What must be noted before adding a glass extension

Nowadays, when either adding or replacing an existing glass extension like a conservatory or orangery in England or Wales, it is important that the new double glazed structure fully complies with the latest planning rules and Building Regulations. Failure to do so can have dramatic consequences if and when the property is sold, as it is the job of any purchasers Solicitors to ensure that any glass extension fully complies, plus has all the necessary documentation and written permissions to prove it.

A Lean to Double Glazed Conservatory That Complied With All Planning Requirements
A Lean To Double Glazed Conservatory That Complies With All UK Planning Requirements

Putting up any type of extension, be it a glass structure or not, that does not comply with all the rules is like the man who built his house  upon the sand, as soon as the waves, wind and rain came it disappeared in the storm. Whereas in the old days, some folk have “got away” with breaking the law, planning enforcement notices are now more common, plus both the Building Regulations and planning rules are now much stricter due to the need for all new structures to be more thermally efficient.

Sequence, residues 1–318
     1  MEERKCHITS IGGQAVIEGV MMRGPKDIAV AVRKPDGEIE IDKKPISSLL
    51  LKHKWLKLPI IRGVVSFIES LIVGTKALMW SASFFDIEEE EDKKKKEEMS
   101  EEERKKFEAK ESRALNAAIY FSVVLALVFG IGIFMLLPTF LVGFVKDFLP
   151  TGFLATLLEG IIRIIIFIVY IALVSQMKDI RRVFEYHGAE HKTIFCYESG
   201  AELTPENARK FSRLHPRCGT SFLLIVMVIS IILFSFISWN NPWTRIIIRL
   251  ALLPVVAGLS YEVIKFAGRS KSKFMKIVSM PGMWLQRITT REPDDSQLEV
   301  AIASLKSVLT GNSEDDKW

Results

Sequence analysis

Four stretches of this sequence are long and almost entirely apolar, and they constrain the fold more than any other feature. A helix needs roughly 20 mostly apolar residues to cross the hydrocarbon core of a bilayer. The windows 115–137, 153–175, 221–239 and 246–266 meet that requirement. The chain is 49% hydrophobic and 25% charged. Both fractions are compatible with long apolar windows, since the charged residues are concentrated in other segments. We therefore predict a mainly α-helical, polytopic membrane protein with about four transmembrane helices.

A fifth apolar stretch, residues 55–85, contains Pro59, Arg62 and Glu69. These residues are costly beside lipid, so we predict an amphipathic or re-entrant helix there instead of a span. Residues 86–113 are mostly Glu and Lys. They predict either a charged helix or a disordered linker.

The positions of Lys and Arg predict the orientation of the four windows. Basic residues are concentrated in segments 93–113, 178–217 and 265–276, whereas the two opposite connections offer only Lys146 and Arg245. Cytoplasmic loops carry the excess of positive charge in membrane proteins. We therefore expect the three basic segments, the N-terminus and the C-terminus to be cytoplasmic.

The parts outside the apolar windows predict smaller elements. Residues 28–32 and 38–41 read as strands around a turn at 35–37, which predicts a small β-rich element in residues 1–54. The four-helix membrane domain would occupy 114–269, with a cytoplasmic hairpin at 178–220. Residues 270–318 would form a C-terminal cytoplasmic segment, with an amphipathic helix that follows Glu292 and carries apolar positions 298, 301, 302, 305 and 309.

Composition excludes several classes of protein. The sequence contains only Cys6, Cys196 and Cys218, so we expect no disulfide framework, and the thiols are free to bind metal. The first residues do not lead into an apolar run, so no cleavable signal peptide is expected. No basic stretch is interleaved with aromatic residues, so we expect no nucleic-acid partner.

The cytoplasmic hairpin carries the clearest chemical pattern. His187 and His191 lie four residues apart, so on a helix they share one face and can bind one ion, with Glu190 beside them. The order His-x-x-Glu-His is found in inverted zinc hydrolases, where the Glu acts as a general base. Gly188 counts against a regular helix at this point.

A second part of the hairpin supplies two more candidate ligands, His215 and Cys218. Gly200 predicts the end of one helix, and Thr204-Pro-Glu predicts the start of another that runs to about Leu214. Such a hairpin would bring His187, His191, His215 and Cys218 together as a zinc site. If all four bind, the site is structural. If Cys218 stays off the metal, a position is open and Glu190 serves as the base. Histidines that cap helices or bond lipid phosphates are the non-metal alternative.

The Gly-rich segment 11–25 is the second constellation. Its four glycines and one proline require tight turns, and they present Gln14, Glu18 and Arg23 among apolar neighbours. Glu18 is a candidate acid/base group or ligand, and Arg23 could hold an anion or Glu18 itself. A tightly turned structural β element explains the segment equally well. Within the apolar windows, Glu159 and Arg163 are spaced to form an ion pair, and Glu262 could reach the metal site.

As clearly stated on the Government’s planning portal website – “With all building work, the owner of the property (or land) in question is ultimately responsible for complying with the relevant planning rules and building regulations.” Their website www.planningportal.gov.uk sets out all the issues you will need to take into account before ordering a new conservatory or orangery, or indeed replacing an existing structure, as if you make any changes at all (i.e. removing doors, changing the width, projection, height, design, heating etc.), it is likely you will require planning or Building Regulations or both!

Conservatories and some orangeries with sufficiently glazed roofs and walls are normally exempt from building regulations when:

  • They are built at ground level and are less than 30 square metres in floor area.
  • The conservatory is separated from the house by external quality walls, doors or windows.
  • There should be an independent heating system with separate temperature and on/off controls.
  • Glazing and any fixed electrical installations comply with the applicable building regulations requirements

The planning portal advises UK home owners not to construct conservatories where they will restrict ladder access to windows serving rooms in roof or loft conversions, particularly if any of the windows are intended to help escape or rescue if there is a fire. It is worth noting that any new structural opening between the conservatory and the existing house will require building regulations approval, even if the conservatory itself is an exempt structure.

Glass extensions can be built if sufficient Permitted Development rights are intact. To find out more about what is and what is not permitted development visit the planning portal

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